Two graphic designers sit down to discuss the initial struggles of pricing logo design in this interview via The Futur (link to YouTube Channel).
Half-way through the interview and everything already resonated with me. I’ve done this for the majority of my entire freelance graphic design career.
The hardest part is usually figuring out what to charge and for whatever reason there’s usually a fear that you’ll turn prospective clients away.
But, as I’ve come to learn for myself (first-hand experiences are invaluable), to get the kinds of clients you want, your prices have to be at a price point that demonstrates the value you’ll bring to each project.
At the end of the day, it’s all about believing in yourself (your creative ideas and abilities).
Enjoy the interview. It’s filled with insight and personal experiences that I’m certain you’ll find clearly relatable.
If you are in the beginnings of your online business, you may not have thought about this aspect of your business. But having a business logo is one of the most important things you can do when it comes to advertising your business. We know the power of a good logo when we see one, the golden arches of McDonald’s, the circular Pepsi logo, or the Apple. These are not just pictures as a front to the business, they are the business. Everything is crystallized into one simple image, a matter of one or two colors and a shape. So, if you have not thought that far into what can be put into a logo, let’s have a look at what you can do to make your logo stand out and what its potential is.
A few “musts” when it comes to logos are as follows:
A logo must be simple. A simple logo allows for easy recognition and allows the logo to be memorable. Effective logos feature something unexpected or unique without being overcomplicated.
A logo must be memorable. An effective logo should be memorable and this is achieved by having a simple logo that is appropriate to the product.
A logo must be appropriate. How and where you position the logo should be appropriate for the purpose.
A logo must be versatile. An effective logo should be able to work across different mediums and applications.
A logo must be enduring. An effective logo should stand the test of time. The logo should still be effective in over 10 years time if it is done right.
When it comes to a logo, it is in the pecking order of what is known in marketing as the “branding process”. Put simply, it is your way of creating a brand for your product. You will find your own way when it comes to this, but there are fundamentals when it comes to a marketing agency’s branding process:
- Make A Design Brief. This is conducting an interview with the client to get the design brief.
- Research. Do research focused on the industry and other factors, such as competitors.
- Reference. Conduct research into logo designs that have been successful in the past as well as current styles or trends that are related to the design brief.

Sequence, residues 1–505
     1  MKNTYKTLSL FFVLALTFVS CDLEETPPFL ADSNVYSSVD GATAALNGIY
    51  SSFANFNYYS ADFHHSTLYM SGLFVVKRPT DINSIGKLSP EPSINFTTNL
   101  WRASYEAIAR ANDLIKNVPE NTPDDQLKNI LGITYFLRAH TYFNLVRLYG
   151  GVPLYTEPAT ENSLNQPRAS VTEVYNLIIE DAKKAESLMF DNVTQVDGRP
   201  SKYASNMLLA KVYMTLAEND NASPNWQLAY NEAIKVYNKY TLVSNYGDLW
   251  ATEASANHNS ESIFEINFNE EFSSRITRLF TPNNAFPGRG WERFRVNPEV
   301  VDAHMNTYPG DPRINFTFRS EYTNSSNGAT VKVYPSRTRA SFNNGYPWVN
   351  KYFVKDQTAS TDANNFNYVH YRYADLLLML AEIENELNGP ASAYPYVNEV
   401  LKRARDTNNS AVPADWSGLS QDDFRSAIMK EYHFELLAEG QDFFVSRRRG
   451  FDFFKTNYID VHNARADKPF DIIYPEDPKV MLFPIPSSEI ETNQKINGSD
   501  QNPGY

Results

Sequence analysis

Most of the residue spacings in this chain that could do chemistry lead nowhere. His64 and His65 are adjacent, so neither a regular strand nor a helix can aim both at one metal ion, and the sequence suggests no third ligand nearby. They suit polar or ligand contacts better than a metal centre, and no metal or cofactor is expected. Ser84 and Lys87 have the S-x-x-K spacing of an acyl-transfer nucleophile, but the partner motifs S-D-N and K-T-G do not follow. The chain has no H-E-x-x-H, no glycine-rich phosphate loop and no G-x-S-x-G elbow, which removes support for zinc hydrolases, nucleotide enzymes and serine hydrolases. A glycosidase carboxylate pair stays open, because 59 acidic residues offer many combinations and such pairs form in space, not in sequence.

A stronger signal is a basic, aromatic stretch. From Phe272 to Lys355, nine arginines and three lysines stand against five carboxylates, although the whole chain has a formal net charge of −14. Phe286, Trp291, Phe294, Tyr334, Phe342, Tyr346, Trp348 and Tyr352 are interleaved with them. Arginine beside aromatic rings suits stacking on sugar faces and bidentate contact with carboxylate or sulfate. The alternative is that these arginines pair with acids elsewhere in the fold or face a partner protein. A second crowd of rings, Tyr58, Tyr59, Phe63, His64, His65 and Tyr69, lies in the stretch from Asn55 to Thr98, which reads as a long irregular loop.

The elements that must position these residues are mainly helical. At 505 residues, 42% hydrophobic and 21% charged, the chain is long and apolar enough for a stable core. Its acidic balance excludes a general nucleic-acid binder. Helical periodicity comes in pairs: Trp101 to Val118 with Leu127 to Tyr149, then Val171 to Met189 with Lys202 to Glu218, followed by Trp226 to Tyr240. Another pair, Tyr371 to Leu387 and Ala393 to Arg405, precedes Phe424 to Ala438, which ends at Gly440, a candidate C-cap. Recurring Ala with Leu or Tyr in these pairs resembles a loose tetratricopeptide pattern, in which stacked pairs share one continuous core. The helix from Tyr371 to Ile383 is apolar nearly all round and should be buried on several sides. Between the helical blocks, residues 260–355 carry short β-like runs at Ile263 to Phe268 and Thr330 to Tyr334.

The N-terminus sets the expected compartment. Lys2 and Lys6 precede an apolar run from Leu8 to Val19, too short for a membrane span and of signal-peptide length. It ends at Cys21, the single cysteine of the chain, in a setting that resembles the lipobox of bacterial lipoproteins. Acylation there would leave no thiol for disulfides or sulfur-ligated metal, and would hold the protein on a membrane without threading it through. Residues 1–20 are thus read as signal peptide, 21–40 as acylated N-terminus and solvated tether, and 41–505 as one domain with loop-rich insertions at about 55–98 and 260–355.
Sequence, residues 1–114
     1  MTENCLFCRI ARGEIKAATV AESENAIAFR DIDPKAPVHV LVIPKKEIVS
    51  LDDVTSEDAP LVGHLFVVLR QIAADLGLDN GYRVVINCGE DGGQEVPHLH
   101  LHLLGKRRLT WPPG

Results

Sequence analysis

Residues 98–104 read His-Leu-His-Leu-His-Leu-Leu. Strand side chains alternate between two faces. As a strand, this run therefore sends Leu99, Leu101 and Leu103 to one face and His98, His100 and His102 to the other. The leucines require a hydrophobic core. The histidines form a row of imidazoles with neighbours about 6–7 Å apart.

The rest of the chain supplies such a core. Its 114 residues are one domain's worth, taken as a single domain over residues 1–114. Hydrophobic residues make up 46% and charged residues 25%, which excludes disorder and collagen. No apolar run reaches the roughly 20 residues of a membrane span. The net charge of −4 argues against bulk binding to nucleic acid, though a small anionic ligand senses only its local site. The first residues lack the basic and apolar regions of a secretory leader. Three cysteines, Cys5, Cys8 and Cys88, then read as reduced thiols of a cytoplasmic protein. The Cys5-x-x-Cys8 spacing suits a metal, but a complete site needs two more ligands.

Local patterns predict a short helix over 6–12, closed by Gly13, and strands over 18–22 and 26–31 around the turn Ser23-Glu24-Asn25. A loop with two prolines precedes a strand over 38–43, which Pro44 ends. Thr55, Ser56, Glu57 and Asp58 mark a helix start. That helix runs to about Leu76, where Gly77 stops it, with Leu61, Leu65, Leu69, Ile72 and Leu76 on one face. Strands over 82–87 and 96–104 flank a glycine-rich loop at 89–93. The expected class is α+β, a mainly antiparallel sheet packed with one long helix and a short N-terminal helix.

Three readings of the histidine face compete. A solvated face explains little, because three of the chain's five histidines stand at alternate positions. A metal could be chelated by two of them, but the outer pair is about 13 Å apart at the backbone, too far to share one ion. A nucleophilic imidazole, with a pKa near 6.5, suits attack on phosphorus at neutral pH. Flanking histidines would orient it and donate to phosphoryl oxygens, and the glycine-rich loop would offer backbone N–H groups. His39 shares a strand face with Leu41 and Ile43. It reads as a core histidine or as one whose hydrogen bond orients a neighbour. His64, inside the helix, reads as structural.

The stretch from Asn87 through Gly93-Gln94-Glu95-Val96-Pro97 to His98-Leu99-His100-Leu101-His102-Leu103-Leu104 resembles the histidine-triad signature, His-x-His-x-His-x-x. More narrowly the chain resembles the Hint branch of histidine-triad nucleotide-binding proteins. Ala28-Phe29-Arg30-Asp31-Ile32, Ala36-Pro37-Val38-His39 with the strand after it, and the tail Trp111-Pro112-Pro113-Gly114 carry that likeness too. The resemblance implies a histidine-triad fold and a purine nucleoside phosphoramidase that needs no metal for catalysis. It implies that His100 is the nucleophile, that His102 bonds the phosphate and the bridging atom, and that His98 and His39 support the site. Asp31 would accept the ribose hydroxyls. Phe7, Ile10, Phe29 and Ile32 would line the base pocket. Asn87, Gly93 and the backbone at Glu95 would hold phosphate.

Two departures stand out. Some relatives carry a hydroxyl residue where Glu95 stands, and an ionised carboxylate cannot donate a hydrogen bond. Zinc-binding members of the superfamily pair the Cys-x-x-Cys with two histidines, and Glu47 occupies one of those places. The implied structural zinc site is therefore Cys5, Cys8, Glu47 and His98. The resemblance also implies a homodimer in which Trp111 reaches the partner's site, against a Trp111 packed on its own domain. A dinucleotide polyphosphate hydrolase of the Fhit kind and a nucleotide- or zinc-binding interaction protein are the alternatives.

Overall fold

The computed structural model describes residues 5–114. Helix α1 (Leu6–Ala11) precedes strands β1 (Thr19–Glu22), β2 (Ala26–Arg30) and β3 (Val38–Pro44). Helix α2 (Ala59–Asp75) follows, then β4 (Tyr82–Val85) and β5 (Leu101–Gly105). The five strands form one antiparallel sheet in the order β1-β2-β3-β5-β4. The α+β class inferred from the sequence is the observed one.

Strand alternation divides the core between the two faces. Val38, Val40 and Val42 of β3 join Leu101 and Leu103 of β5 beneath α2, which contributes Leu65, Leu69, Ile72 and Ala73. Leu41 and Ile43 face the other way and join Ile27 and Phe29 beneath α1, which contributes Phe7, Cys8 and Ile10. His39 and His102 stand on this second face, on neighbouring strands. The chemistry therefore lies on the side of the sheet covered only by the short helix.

- Sketching/conceptualising. Develop the logo concepts around what you have done so far.
- Reflection. Thinking about the logo so far, how does it present itself? Remembering that your logo must be versatile, you must imagine it on many different items. Can it be used on other items? You could use specialized companies to put your logo onto items like mugs or bottles, such as dynamicgift.com.au, and it becomes another way for your brand to “travel.”
- Presentation. Choose to present only a few logos to the client or all of them. From there you will get feedback, whether good or bad. As it may not fit the brand currently. You then repeat the previous steps until it is completed.
When it comes to a business logo, it may take time to develop one that is satisfactory. Using the “musts” and the branding process, you have a model in which to make a successful logo.
Featured Image: Pixabay
In 1997, MasterCard launched Priceless®, the widely successful advertising campaign that spawned this infamous slogan, “There are some things money can’t buy. For everything else, there’s MasterCard.” Yesterday, the brand that started in 1966, it launched the evolution of its brand identity with a new brand mark and design system.
Their new logo (MasterCard brand mark), though reminiscent of its iconic red and yellow predecessor, has been updated and streamlined to something ideal for the digital age powered by user experience (UX) design and user interface (UI) design. MasterCard’s ditched the drop shadows and bulky serifs. In it’s place is the round FF Mark featuring the text in small (lowercase) letters. It’s an admirable minimalist approach for the future of branding.
Mastercard’s new logo still maintains the iconic interlocking red and orange circles
Chief Marketing and Communications Officer (MasterCard), Raja Rajamannar stated that “MasterCard is one of those unique brands that is instantly recognizable around the world,” and in order to succeed in the current fast-paced “digital age”, they “want to modernize and elevate the brand in a design that is simple and elegant, yet unquestionably MasterCard.” The company seems to be embracing its new identity and personality, having incorporated digital technology into its daily operations.
I will say that compared to a lot of the most recent rebranding exercises that we’ve seen over the last several months, between Uber’s rip-off of a redesign and Instagram’s gradient tool happy logo, MasterCard’s brand evolution might actually be…priceless.
This Mastercard logo design was launched in 1996
The evolved brand identity will be rolled out to all MasterCard products, communications, and experiences, starting with Masterpass later this month. It’s being touted as one of the most comprehensive design system ever introduced at the company and will commence roll out Fall 2016.
A historic timeline of MasterCard’s logo designs since the 1960s